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Oakland space befits pioneering research


The Magee-Womens Research Institute, which was built in part to house the research of a scientist once entangled in an international cloning scandal, wants to project a new image.
On Thursday, the Oakland research institute will host a grand opening celebration for a $31 million expansion. The 70,000-square-foot addition more than doubles the building’s research space, and aims to attract and keep top scientists dedicated to women’s health and infant research.

“There is not another facility like this in the country,” said Jeanne Jordan, associate director of the institute. “For us, the ability to have greater space to attract more researchers who focus on women and infant health has been key.”

The idea for the expansion at the corner of Forbes and Craft avenues was planted a decade ago, five years after the institute first opened. The burst of the stock market bubble delayed those plans, but construction finally got underway in 2005, aided by a $4.5 million state grant.
Just after construction began, Gerald Schatten, a reproductive scientist and deputy director of the institute, demanded his name be removed from a landmark stem cell paper that he wrote with now-disgraced South Korean human cloning pioneer Hwang Woo-Suk. He also urged the retraction of the paper, much of which was later shown to be fabricated using unethical research practices.
The expansion project was dogged by traffic nightmares. Working in a confined space just off the Forbes Avenue exit of the Parkway East, construction forced the closure of a lane on Forbes for nearly 18 months, creating continuous traffic jams at the entrance to Oakland’s main drag.

All that is changing, said Dr. James Roberts, director of the institute. All lanes of Forbes have reopened, and a University of Pittsburgh investigative panel ruled last year that Schatten likely did not know the research was fabricated, although it did censure him for shirking his scientific responsibilities.

At the entrance to the building, visitors are welcomed with a large poster that spells out the institute’s goals for the expansion: “projecting an image reflective of the innovative research being conducted inside.”

The expansion incorporates “green” building principals -- including recycled floors, energy-efficient heating and cooling units and water conservation systems -- and open laboratory designs that promote communication between scientists.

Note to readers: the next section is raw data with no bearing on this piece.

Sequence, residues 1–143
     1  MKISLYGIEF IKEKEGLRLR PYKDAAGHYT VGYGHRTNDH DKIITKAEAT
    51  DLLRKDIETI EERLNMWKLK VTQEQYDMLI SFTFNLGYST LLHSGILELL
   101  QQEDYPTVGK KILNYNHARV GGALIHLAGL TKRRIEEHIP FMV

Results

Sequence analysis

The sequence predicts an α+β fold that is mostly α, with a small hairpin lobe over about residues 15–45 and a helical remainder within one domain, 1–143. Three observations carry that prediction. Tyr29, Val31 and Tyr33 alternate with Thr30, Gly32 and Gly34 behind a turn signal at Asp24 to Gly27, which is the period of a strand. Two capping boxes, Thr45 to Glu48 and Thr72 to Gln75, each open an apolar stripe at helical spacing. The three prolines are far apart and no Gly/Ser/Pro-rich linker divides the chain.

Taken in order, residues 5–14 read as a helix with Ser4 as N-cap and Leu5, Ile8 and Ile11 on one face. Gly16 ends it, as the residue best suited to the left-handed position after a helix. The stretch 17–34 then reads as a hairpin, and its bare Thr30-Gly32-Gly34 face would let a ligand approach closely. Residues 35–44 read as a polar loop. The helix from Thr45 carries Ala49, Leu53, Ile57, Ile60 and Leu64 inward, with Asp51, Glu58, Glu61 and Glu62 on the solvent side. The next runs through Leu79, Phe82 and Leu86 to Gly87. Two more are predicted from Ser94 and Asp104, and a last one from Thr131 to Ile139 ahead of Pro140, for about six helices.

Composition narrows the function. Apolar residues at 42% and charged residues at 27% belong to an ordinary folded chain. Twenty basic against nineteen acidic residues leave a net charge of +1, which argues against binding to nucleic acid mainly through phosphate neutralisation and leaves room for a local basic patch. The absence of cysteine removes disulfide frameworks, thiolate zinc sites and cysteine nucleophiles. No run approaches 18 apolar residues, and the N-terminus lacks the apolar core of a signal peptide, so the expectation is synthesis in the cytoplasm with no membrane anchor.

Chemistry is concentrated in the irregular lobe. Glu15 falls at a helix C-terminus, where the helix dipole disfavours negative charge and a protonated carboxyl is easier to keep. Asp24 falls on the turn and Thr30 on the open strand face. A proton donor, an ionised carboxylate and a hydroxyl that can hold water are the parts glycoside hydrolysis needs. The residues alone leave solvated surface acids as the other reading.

Corner offices with sweeping views of the Monongahela River will serve as sanctuaries for 30 of the institute’s star scientists. The 200-plus research associates and staff who support the scientists have private desks and offices, as well as spacious kitchenettes and lounges.

Light pours into conference rooms equipped with wireless Internet and 54-inch flat screen televisions to dazzle philanthropists and visitors with research presentations: “This fancy space turns out to be something you need occasionally,” Roberts said.

Most importantly, the laboratory space in the building -- coupled with its proximity to Magee-Womens Hospital, which means a wealth of patients for clinical studies -- keeps the institute among the top places for cutting-edge research on women’s health, Roberts said.

“Women’s health research is a rapidly growing, important field,” said Jo Parrish, vice president of institutional advancement at the Society for Women’s Health Research, a nonprofit organization in Washington. “Magee is one of the leaders in this area.”

At least one floor of the seven-story building will house the Pittsburgh Development Center headed by Schatten.

The fabricated South Korean research was done under Schatten’s faculty appointment at the University of Pittsburgh and was not affiliated with his work at Magee-Womens Research Institute, Roberts said, adding that the scandal has not affected the institute’s ability to attract and retain scientists.

“It’s hard for people not to notice when something like that happens, and there’s no question it’s been tough on him,” Roberts said. “But nothing that had to do with the Korean thing had an impact on his role here.”


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